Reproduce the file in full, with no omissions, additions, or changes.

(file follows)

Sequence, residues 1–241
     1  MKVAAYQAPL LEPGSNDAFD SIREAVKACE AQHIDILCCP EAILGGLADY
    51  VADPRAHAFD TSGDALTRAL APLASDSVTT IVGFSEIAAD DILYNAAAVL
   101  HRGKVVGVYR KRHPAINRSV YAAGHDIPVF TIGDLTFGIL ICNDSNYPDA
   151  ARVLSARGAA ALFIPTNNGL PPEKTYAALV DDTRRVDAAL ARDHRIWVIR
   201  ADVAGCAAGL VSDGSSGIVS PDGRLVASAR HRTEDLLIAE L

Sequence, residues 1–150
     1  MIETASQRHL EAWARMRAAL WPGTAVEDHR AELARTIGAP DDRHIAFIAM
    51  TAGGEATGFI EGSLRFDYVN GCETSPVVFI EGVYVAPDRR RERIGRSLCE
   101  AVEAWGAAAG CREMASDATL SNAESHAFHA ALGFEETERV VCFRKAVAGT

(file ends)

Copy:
Sequence, residues 1–241
     1  MKVAAYQAPL LEPGSNDAFD SIREAVKACE AQHIDILCCP EAILGGLADY
    51  VADPRAHAFD TSGDALTRAL APLASDSVTT IVGFSEIAAD DILYNAAAVL
   101  HRGKVVGVYR KRHPAINRSV YAAGHDIPVF TIGDLTFGIL ICNDSNYPDA
   151  ARVLSARGAA ALFIPTNNGL PPEKTYAALV DDTRRVDAAL ARDHRIWVIR
   201  ADVAGCAAGL VSDGSSGIVS PDGRLVASAR HRTEDLLIAE L

Sequence, residues 1–150
     1  MIETASQRHL EAWARMRAAL WPGTAVEDHR AELARTIGAP DDRHIAFIAM
    51  TAGGEATGFI EGSLRFDYVN GCETSPVVFI EGVYVAPDRR RERIGRSLCE
   101  AVEAWGAAAG CREMASDATL SNAESHAFHA ALGFEETERV VCFRKAVAGT